As the orientation of the company continued to shift from seeking intermediate-term capital gains to long-term ownership and management, the decision was made to relocate the partnership headquarters from New York City to Houston. The transfer was accomplished in stages between 1987 and 1990 as the firm ceased to be an investment partnership and became an operating entity.

 

In 1994, the partnership decided to generate more capital for operations and acquisitions by issuing $100 million of senior notes through Morgan Stanley Dean Witter & Co., Inc. Consequently, the company was converted from a partnership to a corporation, J.B. Poindexter & Co., Inc., and John Poindexter became the sole shareholder.

 

The new corporation continued its active acquisition program both before and after the sale of the senior notes. During this period it acquired 20th Century Fiberglass, Inc., GemTop Manufacturing, Inc., and the companies comprising Raider Industries, all of which are manufacturers of pickup truck accessories. Additional purchases included Midwest Truck Accessories, Inc., a distributor of aftermarket truck accessories, KWS Manufacturing Company, Inc., a manufacturer of bulk material handling systems and conveyors, Universal Brixius, Inc., a contract manufacturer, and Beltrami Door, a fabricator of vehicular doors. The revenues of the new acquisitions, together with others not described here, approximated $200 million. Aside from the acquisitions, J.B. Poindexter & Co., Inc. undertook a large-scale expansion of Leer, Inc.’s retail and wholesale distribution system for pickup truck accessories.

 

STRENGTHENING THE CORPORATION

The corporation developed new and effective internal communications practices, including standardized reporting, quarterly joint management meetings with all subsidiaries, and formal budgeting and capital appropriations procedures. A corporate level senior executive, for example, now supports the subsidiaries in their continual improvement of manufacturing processes, operating efficiencies, and the quality of their final products. Nonetheless, the goal of the corporate headquarters remains to coordinate, support, and provide financing for the operations of its subsidiaries rather than to manage them.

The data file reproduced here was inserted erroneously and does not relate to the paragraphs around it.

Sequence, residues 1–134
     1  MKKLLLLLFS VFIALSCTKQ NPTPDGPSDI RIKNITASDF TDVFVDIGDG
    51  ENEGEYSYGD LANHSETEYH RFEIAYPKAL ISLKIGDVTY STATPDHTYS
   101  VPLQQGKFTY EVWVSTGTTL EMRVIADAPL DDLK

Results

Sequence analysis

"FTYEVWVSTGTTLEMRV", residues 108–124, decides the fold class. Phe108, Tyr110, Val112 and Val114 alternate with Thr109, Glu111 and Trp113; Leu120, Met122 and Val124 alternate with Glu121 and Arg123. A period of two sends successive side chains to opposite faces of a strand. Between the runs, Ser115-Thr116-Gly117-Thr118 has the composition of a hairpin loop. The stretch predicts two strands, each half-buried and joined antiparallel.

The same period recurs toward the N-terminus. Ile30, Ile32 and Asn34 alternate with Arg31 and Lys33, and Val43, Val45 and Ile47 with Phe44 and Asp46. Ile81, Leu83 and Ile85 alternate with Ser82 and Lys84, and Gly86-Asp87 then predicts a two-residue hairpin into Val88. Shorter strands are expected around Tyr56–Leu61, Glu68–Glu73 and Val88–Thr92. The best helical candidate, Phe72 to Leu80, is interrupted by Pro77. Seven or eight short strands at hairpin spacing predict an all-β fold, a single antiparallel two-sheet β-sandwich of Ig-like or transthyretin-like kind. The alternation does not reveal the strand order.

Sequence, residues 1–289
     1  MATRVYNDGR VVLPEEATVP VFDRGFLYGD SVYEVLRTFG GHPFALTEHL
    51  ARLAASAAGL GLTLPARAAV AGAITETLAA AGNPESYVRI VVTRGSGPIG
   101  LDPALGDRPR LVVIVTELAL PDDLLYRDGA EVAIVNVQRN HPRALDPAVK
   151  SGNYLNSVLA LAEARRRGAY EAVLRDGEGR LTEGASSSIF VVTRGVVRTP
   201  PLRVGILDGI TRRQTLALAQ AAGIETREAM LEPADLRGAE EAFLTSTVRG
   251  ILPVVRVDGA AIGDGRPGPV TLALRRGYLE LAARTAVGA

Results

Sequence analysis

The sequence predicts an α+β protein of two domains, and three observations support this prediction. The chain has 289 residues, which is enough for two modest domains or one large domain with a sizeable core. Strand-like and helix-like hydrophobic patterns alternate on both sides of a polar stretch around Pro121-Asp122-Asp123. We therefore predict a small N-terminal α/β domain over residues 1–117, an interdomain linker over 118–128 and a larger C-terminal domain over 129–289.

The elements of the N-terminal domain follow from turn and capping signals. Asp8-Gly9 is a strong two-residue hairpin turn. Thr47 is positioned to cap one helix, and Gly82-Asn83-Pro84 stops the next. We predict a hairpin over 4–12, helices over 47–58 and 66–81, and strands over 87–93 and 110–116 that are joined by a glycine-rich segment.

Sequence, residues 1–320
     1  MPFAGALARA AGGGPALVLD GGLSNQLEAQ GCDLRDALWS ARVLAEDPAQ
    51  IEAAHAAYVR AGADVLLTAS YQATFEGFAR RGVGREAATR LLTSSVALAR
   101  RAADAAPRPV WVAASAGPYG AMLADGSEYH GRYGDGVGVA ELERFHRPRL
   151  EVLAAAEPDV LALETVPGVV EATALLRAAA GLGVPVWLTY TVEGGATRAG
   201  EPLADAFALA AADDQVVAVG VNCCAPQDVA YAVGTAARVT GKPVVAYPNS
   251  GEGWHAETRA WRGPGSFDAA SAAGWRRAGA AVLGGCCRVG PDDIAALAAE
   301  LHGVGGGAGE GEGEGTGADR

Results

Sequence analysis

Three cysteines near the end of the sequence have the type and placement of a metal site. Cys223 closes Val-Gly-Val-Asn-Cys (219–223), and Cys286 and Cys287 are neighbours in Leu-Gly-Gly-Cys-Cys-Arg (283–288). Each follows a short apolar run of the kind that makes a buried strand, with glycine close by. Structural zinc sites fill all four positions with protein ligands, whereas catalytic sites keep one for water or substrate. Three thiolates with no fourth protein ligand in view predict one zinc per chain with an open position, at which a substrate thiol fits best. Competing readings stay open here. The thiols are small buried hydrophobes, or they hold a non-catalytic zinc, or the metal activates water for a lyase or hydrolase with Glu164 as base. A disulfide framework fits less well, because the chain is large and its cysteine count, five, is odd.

Between 1995 and 1998, the new corporation faced a period of serious internal trial in one of its three divisions. As part of a strategy of corporate expansion that emphasized internal growth, the Truck Accessories Group, including the Leer division, had grown to comprise four manufacturing companies and a sizeable group of retail stores and wholesale distribution centers. Management undertook a costly and complicated reorganization of the $200 million division so as to focus it more properly on its separate retail and wholesale markets and to upgrade its manufacturing and marketing capabilities. While the concept of the reorganization was sound, its execution was not, with the result that some of the components of the Truck Accessories Group ceased to operate profitably. Consequently, the division and the company suffered financially between 1995 and 1998. Nearly all of management’s attention in those years was devoted to correcting the Truck Accessories Group’s shortcomings rather than building value in the other more profitable divisions.

 

TODAY AND BEYOND

In the years since 1999, financial performance has improved throughout all subsidiaries. The company enjoys positive cash flows and maintains an excellent working capital profile. Additionally, corporate management has been able to focus upon filling out several of the subsidiary management teams and the parent staff by recruiting first class operating and administrative executives.

 

Today, J.B. Poindexter & Co., Inc. is a diversified manufacturing company with 4,500 team members in over 35 facilities from Oregon to Florida and Saskatchewan to Mexico. The majority of the business is in the transportation related manufacturing sector, with many of our businesses leaders in their markets with longstanding branded product offerings. Annual revenue is in excess of $1.25 billion dollars and J.B. Poindexter & Co., Inc.’s medium term goal is to expand to three billion dollars in profitable, growth oriented revenues.